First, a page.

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Is China really ready to change to attract foreign investment?



China is ready to introduce new rules to break down some of the barriers faced by foreign companies, Premier Li Qiang told global business leaders in Beijing on Sunday.

Addressing the China Development Forum, Li said Beijing will create more opportunities for global investors through macroeconomic policy, urbanization, industrial upgrades, and the transition to a green economy.

“The fundamentals that underpin China’s long-term economic growth remain unchanged,” Li said, emphasizing the prospects for the world’s second-largest economy.

Li said the Chinese government is “carefully studying” some of the issues frequently raised by businesses, including market access, public bidding, and cross-border data flow.
“Some issues have been substantially resolved, while for others we are still working on solutions to ensure a good deal,” he said, two days after China eased security controls for cross-border data transfers.
He also said Beijing will make government services more efficient and protect the rights and legitimate interests of companies of all kinds.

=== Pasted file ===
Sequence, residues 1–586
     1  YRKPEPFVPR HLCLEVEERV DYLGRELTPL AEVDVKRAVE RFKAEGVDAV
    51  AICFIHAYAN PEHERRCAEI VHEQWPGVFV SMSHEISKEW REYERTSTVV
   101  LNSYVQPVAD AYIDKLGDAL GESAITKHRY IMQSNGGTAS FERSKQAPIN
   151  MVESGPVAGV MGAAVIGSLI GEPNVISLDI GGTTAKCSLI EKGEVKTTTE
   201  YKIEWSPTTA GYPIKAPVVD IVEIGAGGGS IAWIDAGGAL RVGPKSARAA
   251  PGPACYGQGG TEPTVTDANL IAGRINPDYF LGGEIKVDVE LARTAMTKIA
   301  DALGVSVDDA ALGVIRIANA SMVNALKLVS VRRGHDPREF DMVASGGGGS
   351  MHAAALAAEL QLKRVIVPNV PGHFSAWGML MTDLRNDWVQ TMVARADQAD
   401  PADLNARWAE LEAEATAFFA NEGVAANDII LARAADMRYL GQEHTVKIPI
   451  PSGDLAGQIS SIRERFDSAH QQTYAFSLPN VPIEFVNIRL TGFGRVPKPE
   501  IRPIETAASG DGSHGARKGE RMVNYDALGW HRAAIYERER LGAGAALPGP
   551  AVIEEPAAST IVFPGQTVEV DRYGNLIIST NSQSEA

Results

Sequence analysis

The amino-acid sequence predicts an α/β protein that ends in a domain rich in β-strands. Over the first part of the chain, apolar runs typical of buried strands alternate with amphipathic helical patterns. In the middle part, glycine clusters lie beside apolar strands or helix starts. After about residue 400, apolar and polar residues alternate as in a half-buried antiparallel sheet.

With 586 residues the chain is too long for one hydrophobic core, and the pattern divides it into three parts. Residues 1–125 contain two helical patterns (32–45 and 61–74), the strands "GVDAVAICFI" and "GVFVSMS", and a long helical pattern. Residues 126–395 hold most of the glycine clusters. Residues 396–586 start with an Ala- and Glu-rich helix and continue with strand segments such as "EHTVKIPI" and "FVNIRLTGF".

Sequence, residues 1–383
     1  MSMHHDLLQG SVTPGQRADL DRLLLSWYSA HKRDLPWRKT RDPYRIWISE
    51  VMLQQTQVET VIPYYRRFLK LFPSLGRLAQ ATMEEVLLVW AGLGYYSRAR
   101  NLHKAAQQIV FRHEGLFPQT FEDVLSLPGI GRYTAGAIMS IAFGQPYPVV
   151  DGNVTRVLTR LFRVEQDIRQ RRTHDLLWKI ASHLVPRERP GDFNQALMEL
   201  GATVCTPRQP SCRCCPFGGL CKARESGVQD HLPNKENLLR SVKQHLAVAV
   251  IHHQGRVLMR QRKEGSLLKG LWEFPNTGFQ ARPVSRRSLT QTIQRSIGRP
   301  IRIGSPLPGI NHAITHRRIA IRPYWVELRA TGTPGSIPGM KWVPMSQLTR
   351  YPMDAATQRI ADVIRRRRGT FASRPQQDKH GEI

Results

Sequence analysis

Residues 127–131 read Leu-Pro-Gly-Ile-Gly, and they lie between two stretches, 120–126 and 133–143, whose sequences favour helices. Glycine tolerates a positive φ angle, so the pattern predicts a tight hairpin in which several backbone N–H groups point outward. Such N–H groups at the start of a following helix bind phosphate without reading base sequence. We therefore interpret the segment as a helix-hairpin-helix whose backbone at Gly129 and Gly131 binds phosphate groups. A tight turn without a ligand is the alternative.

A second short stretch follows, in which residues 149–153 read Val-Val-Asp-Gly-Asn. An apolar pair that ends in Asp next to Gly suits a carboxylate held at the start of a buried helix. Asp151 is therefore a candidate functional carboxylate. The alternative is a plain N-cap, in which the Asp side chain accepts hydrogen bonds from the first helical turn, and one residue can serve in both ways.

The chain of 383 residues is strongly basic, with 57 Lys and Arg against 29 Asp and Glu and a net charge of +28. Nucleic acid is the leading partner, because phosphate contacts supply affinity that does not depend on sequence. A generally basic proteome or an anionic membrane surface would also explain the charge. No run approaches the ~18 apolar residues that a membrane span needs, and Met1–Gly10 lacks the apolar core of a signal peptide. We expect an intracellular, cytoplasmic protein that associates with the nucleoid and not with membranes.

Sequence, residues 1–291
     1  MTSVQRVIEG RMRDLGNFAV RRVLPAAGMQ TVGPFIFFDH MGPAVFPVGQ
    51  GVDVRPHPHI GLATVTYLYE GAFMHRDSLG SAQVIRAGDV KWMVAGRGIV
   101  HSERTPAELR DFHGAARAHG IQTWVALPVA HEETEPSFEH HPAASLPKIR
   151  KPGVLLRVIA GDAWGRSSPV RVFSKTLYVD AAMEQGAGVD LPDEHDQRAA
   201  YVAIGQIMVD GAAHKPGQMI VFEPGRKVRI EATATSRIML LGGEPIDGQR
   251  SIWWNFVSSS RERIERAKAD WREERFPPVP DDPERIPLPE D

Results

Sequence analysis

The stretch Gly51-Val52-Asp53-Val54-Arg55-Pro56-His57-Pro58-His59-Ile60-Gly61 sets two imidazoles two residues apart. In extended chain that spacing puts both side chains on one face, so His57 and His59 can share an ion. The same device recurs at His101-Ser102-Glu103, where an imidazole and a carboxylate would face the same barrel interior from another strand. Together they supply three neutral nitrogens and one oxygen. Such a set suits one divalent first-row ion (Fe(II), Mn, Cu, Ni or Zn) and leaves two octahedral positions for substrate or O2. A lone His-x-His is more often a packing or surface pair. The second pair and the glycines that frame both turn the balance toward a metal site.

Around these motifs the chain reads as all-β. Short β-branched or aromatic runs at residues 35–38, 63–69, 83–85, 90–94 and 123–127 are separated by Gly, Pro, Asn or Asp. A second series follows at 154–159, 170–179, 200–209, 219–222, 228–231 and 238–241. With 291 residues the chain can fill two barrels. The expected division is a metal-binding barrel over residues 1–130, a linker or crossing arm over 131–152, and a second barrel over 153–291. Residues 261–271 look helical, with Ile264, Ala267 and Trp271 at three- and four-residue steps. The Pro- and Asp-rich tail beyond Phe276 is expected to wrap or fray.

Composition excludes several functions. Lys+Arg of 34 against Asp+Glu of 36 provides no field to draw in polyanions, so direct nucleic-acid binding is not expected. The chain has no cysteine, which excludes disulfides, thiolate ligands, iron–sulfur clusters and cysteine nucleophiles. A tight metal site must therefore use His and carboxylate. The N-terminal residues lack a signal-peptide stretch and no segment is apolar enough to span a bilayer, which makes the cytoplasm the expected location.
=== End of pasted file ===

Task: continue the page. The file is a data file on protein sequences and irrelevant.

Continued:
“We are convinced that a more open China will bring more opportunities for win-win cooperation to the world,” he said

Propaganda or reality?

The questions that should arise after this speech are:

  • Is this a real opening?
  • Why this speech now?

The first point is related to a healthy skepticism about the consistency between politicians’ words and their deeds. Prime Minister Li was addressing foreign investors, so it is obvious that his words were soft toward them.

However, there is the second question: assuming that his words answer a truth, why are they being spoken now? The new government has set economic targets of 5 percent growth, a very high number for a Western government but low for China, which grew 5.2 percent year-on-year in the last quarter of 2023.

Such an opening as Li portends for attracting foreign financing suggests that not everything is going exactly as the Chinese government would like and that, despite some positive signs, the Chinese economy is still in dire straits, to the point where it needs to return to attracting foreign investment to continue growing.

But attracting new foreign companies can happen not only by easing some domestic constraints but also by requiring international political change and normalizing relations with neighbors. We will soon see whether the prime minister’s speech was just propaganda or whether it will have real practical effects.

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